The year now ending is one a lot of people, especially in the high-tech industry, will be happy to put behind them. But while the economy remains shaky and many segments of the industry are reeling, there are a number of reasons to look forward to a brighter 2002.
One reason for my optimism is that coming months are likely to see some of the important trends that have been building for years finally come to pass. The most important of these in personal technology are the convergence of computers and entertainment and the growth of truly useful wireless data networks.
Few notions have spawned as much silliness, or wasted as much money, as convergence. After all the hype, it turns out that people don't want to surf the Web on TV sets or watch movies on their PCs. And TV viewers remain couch potatoes, with little desire to interact with what they see on the screen. Instead, convergence is sneaking up on us from another direction: the delivery of Internet content to audio and video systems in a networked home.
This trend is still in its very early stages, and high prices and complexity will scare off all but early adopters for a while. But the pieces are falling into place for a mass market explosion. The first is home networking, especially wireless Ethernet. In the past year, the cost of wireless networking has been cut by half with the introduction of $200 combination gateways and base stations from companies such as Linksys, 2Wire, and Netgear. If only setting up a network were as simple as it is cheap. Despite a lot of progress, much remains to be done to make the technology accessible. I also see a huge business opportunity for service providers that can install and manage home networks.
The next step is attaching entertainment systems to these networks. This is beginning to happen. Hewlett-Packard (HWP), Compaq Computer (CPQ), SONICblue (SBLU), and Kenwood all make units that link audio systems to music available on PCs or the Internet. You can use your computer or dedicated equipment to select from a display of title and track information on prerecorded audio CDs and DVDs. These will be among the most interesting products of 2002, and I will be writing about them in coming weeks and months.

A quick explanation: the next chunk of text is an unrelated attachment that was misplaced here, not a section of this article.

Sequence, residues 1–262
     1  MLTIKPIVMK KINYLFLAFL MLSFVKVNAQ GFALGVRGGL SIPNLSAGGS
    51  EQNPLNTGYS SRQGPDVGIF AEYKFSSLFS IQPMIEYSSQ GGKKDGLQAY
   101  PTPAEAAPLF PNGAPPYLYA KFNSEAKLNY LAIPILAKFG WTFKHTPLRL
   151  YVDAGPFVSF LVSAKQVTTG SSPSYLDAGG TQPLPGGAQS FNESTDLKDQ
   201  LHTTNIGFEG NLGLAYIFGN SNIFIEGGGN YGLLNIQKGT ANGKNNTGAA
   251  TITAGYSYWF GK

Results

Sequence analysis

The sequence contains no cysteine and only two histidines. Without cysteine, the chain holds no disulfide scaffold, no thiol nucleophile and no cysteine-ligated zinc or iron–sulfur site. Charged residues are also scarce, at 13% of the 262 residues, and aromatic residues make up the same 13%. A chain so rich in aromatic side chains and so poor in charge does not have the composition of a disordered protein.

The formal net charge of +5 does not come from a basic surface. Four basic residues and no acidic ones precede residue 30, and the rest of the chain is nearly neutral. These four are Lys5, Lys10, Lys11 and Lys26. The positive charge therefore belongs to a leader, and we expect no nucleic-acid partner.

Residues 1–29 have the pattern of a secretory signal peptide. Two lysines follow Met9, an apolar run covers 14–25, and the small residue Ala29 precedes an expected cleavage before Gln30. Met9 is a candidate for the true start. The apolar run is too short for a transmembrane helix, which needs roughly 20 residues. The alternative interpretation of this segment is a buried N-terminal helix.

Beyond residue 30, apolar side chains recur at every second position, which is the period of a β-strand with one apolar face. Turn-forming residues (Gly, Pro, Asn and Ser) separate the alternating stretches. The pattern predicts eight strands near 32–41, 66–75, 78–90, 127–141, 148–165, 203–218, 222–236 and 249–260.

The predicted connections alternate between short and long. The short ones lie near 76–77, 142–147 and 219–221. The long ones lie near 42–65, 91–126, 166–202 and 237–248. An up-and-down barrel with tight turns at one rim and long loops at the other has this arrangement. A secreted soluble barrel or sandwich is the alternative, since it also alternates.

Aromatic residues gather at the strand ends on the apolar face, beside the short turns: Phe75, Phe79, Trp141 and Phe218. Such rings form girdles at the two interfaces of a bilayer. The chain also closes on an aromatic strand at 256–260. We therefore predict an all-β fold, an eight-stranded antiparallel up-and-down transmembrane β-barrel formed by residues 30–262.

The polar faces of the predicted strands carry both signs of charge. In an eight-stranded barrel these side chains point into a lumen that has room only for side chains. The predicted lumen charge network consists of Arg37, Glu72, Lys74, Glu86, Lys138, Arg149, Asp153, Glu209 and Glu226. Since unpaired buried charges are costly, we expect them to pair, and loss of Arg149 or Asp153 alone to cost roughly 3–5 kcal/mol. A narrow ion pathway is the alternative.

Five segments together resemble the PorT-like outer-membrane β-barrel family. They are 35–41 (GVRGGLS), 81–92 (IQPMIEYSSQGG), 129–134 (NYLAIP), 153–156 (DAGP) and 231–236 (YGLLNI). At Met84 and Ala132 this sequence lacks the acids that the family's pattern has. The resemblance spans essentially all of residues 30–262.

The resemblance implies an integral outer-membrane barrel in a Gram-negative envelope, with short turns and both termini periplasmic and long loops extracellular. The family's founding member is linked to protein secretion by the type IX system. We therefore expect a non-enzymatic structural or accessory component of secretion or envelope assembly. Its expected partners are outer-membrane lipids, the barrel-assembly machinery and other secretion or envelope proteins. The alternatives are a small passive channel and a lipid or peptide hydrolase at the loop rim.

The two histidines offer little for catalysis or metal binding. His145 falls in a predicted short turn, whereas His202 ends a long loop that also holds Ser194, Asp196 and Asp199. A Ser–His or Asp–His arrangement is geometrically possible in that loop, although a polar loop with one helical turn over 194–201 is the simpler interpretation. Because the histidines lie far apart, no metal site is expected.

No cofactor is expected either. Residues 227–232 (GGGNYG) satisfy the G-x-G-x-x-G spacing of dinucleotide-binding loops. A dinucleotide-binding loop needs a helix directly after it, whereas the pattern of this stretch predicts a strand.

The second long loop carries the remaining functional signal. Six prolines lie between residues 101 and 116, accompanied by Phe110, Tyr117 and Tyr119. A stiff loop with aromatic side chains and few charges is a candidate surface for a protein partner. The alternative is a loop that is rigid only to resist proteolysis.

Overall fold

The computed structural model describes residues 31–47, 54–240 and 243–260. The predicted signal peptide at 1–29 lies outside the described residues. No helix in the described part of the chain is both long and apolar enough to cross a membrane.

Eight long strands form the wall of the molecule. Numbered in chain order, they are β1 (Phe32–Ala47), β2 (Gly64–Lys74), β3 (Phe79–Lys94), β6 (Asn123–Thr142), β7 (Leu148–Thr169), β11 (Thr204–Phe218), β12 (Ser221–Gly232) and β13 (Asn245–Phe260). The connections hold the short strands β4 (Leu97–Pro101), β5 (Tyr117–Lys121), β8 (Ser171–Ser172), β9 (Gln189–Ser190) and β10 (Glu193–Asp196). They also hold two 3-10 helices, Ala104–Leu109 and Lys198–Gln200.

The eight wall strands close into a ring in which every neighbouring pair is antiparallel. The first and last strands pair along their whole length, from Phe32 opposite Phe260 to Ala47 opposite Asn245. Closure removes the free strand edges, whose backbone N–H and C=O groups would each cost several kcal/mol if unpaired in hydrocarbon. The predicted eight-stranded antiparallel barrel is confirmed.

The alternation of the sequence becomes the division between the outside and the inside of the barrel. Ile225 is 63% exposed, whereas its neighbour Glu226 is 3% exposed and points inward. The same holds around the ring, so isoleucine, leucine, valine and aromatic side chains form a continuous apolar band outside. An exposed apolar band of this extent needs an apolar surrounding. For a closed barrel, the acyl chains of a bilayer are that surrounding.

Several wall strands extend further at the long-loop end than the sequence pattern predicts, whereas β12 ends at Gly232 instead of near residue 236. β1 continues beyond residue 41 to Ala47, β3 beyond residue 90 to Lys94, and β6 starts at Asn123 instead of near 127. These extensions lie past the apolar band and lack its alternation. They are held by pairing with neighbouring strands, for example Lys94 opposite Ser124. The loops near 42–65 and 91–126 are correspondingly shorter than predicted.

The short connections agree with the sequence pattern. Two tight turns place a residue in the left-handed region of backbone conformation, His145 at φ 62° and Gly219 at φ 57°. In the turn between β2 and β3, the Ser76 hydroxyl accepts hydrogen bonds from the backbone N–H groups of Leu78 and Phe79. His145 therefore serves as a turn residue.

Entertainment over the Internet requires high-speed connections--and will give many consumers a reason to want broadband. It's been a dreadful year for the broadband industry, with DSL phone service, particularly, in a shambles. But cable companies have gotten much better at deploying broadband quickly and cheaply, with many consumers able to install service themselves. Even the collapse of cable Internet service provider Excite@Home looks more like a bump in the road than a disaster, as cable companies learn to run their own networks.
The advance of wireless data will also be a big deal in 2002. Wireless local area networks really took off in 2001 in businesses, campuses, and homes. In the coming year, wireless data will move beyond the LAN. By midyear, AT&T (T), Cingular, Sprint PCS (PCS), Verizon (VZ), and VoiceStream plan to offer data service at 40 to 60 kilobits per second in major cities across the U.S. Similar data networks are popping up in Europe and Asia.
Because of display and data-entry limitations, high-speed data is of little use on a phone. Instead, all sorts of new devices will take advantage of the networks. PC Cards for laptops will be first, followed by add-ons for Palms and Pocket PCs, and finally, integrated wireless handhelds--a course similar to that followed by wireless LANs. Bluetooth, a long-delayed short-range wireless technology, will begin to allow laptops and handhelds to connect without cables to phones that can then link to the data network.
Of course, many of the trends we saw in 2001 will continue. Computer price declines will slow, but that trend remains inexorably downward. And following the great dot-com shakeout, serious business people are focusing on online businesses that can provide value to their customers and profits to their owners.
This has been a trying year in many ways for all of us. With a little luck, the year to come will be a much better one. I thank you for your readership, and share the hope that 2002 will be a year of health, prosperity, and peace. By Stephen H. Wildstrom